Exceptional chest of drawers, library desk, called "scriban" with curved front in yellow Saint-Martin wood from Guyana.
In the 18th century, this piece of furniture is rather called a "bureau-cabinet", it is the combination of two or even three pieces of furniture in one, as we can see here, as well as for some Bordeaux furniture: "a chest of drawers, almost always in tomb, for the lower part; a sloping secretary above, the interior step organized in the manner of a cabinet, concave recessed drawers framing a door in tabernacle; finally the whole supports possibly a cupboard, in the most complete case." M.F. Lacoue-Labarthe - Bordeaux furniture, port furniture.
Contrary to the cabaret table, the fashion for scriban chests of drawers was not born from the Parisian influence but rather from the relations that these ports had with the Northern countries. Indeed, its origin is to be seen in the Dutch cabinet or "schrifcabinet" whose lower body is strongly curved. This piece of furniture, both functional and with a strong spirit of representation, reflects the splendor of 18th century merchant societies. In Nantes as in Bordeaux, even more than the chest of drawers, the scriban is the emblematic piece of furniture of the wealthy shipowner or the rich merchant.
Yellow Saint-Martin wood, also known as Angelim Rosa, is an exotic orange-yellow wood of the Fabaceae family, of which there are three varieties (red: the most common on harbor furniture, yellow: extremely rare, and white, which is rarely used in cabinet making). It is native to the West Indies and more precisely to the Caribbean (while the wood used for furniture in Atlantic ports comes from Guyana where, in addition to this wood, gaiac, bagasse, balata, wacapou and green ebony are mainly exploited).
It is a wood as hard as decorative (which differs from amaranth and mahogany by its branched aspect known as "partridge wing") that is sometimes encountered, although quite rarely (and it is also very rarely identified), on port furniture since the 17th century. It is also listed in the Malfoy's list of exotic woods.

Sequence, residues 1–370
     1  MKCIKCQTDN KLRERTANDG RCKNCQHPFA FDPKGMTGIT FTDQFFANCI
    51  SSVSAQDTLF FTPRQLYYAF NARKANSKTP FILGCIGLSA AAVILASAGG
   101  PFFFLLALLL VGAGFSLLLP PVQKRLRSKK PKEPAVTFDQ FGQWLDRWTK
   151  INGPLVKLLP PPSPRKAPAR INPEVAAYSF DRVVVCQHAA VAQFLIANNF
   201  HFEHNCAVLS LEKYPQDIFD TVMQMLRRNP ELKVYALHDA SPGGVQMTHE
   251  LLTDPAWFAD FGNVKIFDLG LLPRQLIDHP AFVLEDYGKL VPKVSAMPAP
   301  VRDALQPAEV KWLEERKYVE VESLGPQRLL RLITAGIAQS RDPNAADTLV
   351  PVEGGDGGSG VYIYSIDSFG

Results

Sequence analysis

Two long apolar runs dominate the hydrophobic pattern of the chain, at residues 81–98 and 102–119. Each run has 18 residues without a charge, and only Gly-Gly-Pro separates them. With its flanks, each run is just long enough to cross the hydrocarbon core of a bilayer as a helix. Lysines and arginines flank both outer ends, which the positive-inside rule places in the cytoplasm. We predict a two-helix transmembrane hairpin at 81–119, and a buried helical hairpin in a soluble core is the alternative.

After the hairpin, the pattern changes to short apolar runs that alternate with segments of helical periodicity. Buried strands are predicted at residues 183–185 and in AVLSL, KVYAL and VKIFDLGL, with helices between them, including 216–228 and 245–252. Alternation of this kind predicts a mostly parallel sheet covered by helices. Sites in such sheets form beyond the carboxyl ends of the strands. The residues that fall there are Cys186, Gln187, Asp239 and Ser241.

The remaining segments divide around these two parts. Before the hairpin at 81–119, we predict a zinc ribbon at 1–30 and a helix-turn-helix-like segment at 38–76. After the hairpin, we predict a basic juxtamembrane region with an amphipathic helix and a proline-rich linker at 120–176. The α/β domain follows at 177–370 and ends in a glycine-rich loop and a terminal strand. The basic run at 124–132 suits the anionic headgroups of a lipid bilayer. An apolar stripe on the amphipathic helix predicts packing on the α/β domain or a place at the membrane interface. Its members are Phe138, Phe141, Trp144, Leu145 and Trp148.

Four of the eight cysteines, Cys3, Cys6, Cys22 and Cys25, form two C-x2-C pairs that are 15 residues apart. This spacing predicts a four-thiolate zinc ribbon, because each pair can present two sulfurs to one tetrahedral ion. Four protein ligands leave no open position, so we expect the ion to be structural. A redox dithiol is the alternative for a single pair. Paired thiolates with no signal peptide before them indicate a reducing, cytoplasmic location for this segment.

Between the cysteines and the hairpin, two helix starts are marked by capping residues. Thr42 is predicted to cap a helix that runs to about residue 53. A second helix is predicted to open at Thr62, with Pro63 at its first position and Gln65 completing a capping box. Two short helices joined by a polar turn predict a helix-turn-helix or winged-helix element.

As far as we are concerned, we have never found it on a piece of furniture from Nantes, except in its red variety (even if it was only once, and on the most exceptional chest of drawers from Nantes that we bought in the past, which leads us to think that it was indeed considered as early as the 18th century as a very precious wood). It seems that Landerneau was to some extent a specialty in the use of red Saint-Martin since it is found (occasionally) on fine quality Mazarine chests of drawers from this city.
See the Landerneau chest of drawers in red Saint-Martin that we will present soon or in documentation of a chest of drawers from Landerneau: http://antiquites-gledel-philippe.chez-alice.fr/T-Commode-de-Landerneau-en-acajou-massif.html
The bookcase part opens with two leaves and a curved false frame following the curve of the cornice. These panels are made of one large plank of an exceptional yellow Saint-Martin, whose rare figurative aspect can be admired (this is really a very particular example whose figures have been highlighted by a flow on back). The wood sections used are thick and we will specify here the weight of the left leaf to get an idea: 14.8 kg. Four original oak shelves, placed on racks, decorate its interior while the back, entirely panelled, is in oak and walnut. We note the presence of a single lock entrance (which corresponds well to a city convention / see our sideboard by Pierre Hache), a Nantes model of flame type, four quality larder plugs, a beautiful lock with cut-out fasteners, two bolts, one of which is spring-loaded and operated by a cord. Because of its weight and size, the bookcase is fixed to the desk by two pegs at the front and two tenons pegged in mortises of the tray, so no risk of tilting when opening the doors whose weight we mentioned.